The Buyer's Guide to Wedding Entertainment
So, you’ve gotten engaged. Congratulations! You now have many important decisions to make. Making the right entertainment choices for your big event is crucial to its success. As a DJ, I’ve been performing at weddings for over 11 years and the following is a list of my highest recommendations.
1. Don’t underestimate the value of entertainment
There are many decisions to be made: the venue, the cake, the flowers, the decorations. You want to have the most memorable and enjoyable wedding possible. Stop and think for a moment. Years from now, will anyone remember the center pieces? How significant will the flowers be in creating an atmosphere of celebration? While every choice you make for you big day is important in some way, there is little doubt that any single decision you make will have as much effect on the atmosphere of your reception as the entertainment. There’s no getting around this. Choosing untalented entertainment is a sure way to create an atmosphere that people can’t wait to remove themselves from. You’ve asked your friends and family to help you celebrate one of the most important days of your entire life. Don’t go short on the entertainment.
2. Hire the best talent you can
Now that you’ve made the decision to invest in the entertainment, be sure to spend your money wisely. The New Mexico wedding market is saturated with DJ companies with little talent. These companies charge high prices and then send you a low-wage DJ. That’s how they make their money. If the DJ performing at your reception doesn’t own their own company, it’s usually a bad sign. You want someone with a great personality who has a natural knack for music. You want someone who loves what they do and not someone with a summer job.
I can’t believe I even have to say this, but you also want a DJ who is an actual DJ. You wouldn’t hire a band that lip-synchs. Why would you hire a DJ that doesn’t actually mix? Being able to mix together a great set of music is an imperative for your event.
3. Get the upgrades
Now that you’ve found a talented DJ for your event, consider the upgrades they offer. While it’s conceivable that some DJs offer upgrades that are a waste, this is usually not the case. Like most things you buy, the main portion of the cost is carried in the initial package. If your DJ is smart, he or she will have priced their packages to make the upgrades worth it. If you have an exceptionally small venue, perhaps you don’t need the loudest sound system around, but for the most part it is in your best interest to go with the upgraded lighting and sound packages. If you’re looking to save money, see item number 6.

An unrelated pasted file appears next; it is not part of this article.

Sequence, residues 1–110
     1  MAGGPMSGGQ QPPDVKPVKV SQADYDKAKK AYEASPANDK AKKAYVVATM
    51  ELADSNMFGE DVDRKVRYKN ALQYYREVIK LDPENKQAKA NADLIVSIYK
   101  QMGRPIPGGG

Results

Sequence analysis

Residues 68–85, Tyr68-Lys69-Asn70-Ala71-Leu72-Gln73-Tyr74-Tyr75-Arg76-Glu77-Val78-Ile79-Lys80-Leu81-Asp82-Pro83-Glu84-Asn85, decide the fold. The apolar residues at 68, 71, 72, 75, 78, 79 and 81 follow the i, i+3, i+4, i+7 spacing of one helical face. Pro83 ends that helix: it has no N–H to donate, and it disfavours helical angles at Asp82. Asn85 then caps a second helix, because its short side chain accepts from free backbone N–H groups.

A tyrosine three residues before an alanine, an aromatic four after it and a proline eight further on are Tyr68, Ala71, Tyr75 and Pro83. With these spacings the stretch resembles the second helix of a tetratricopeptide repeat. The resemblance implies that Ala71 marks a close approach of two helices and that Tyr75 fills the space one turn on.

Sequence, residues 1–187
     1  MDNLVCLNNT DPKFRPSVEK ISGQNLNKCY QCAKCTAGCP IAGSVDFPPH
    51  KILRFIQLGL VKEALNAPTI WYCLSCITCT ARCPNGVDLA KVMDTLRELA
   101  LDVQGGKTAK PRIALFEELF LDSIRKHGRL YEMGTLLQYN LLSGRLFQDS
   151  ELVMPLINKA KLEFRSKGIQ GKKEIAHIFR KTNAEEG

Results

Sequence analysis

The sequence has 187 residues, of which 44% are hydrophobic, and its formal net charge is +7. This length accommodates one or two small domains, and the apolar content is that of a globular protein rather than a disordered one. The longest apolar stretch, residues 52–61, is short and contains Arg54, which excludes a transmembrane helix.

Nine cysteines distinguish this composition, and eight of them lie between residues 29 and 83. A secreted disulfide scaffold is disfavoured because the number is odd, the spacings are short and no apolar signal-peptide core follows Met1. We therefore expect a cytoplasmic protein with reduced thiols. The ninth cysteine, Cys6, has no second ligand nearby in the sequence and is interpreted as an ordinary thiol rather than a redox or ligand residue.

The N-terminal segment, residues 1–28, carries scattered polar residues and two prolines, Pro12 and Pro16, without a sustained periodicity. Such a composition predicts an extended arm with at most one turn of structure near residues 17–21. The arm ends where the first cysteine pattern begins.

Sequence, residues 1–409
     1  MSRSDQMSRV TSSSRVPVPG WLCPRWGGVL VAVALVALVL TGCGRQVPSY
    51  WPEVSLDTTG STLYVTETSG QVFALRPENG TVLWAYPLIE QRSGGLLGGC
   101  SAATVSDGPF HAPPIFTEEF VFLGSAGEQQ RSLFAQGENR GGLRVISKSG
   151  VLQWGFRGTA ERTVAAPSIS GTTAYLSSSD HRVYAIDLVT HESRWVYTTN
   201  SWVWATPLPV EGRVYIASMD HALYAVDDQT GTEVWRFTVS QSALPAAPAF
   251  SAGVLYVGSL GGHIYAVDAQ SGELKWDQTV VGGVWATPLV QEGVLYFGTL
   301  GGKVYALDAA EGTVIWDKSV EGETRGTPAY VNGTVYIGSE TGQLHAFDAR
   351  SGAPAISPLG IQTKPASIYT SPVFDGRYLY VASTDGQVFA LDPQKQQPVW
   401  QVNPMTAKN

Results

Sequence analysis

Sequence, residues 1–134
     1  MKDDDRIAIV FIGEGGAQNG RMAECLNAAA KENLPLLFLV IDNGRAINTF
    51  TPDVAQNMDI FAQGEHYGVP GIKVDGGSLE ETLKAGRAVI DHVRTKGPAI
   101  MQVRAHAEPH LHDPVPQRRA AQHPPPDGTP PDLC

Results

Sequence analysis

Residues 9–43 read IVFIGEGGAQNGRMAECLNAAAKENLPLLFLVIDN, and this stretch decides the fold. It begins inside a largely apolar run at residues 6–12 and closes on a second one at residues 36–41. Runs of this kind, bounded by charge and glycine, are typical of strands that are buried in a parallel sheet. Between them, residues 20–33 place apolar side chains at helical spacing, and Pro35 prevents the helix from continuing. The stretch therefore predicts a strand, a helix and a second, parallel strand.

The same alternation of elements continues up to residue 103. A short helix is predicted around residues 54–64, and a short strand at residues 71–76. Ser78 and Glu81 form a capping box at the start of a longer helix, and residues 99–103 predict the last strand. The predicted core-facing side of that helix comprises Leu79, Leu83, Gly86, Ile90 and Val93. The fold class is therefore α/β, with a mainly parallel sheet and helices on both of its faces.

4. The more the merrier
Larger crowds are more conducive to creating celebration. Cutting down on your guest-list can save you money, but in the end the more guests your party has, the livelier the event. There’s a social force that grabs ahold of small groups and makes them more apprehensive to celebration. The attention is more direct. The more guests your wedding has, the more you remove that direct attention and create an atmosphere of celebration.
5. Create song lists and be flexible
Creating request lists for your DJ can be great. This includes songs to play and not-to-play. I do however encourage some flexibility here. Let your DJ know that your requests are flexible. The likelihood is that musical tastes will vary. Allow your DJ to find the room’s musical sweet spot, whatever that might be.
6. Get the first dance done
If you’re like most couples in today’s day and age, you’ll most likely have about an hour’s worth of photos after the ceremony. Typically this leaves your guests waiting in the reception area for about an hour or more. Performing the first dance after the entrance of the wedding party gives relief to your guests by giving them something to drive their attention into and it also sets the stage for the celebratory nature of the reception.
7. Only ask the audience onto the floor once
This is one of the most important items on the list. You’ve got the first dance, bride-father dance, groom-mother dance, garter toss, bouquet toss and possibly other events such as the dollar dance or la marcha. It’s very important that you have these events happen one right after the other. Asking your guests onto the dance floor, and then asking them off again creates a whiplash that starts to erode on the enthusiastic momentum of your reception. It takes most people a few songs to start feeling comfortable on the dance floor. Honor their courage to be vulnerable and let them stick with the momentum once it has started.
8. Kill the music before the party dies
The best things in life leave you wanting more. Seinfeld is a great example. While I don’t recommend leaving your reception at the height of its celebration, I do recommend that the bride and groom leave the party before the party has left them. Have a great time, and if the momentum is there you can even ask your DJ to play longer if he or she is willing. However, once you notice that a portion of your guests have left, it’s time to get your departure in order. Ending the party on a high note is essential to memory making. You want your guests to leave with the feeling that they could have partied all night; don’t let them discover they could not.
Bonus: Pass on the sweetheart table
The existence of the sweetheart table is bizarre to me. Your wedding very well might be the most expensive night of your life. It might even be the last time many of your friends and loved ones are in the same place. Cherish your wedding party for their participation by sitting down with them for your first meal together as a married couple. This goes a long way in how it affects the atmosphere of your wedding. You’ve got the rest of your lives to have private meals together.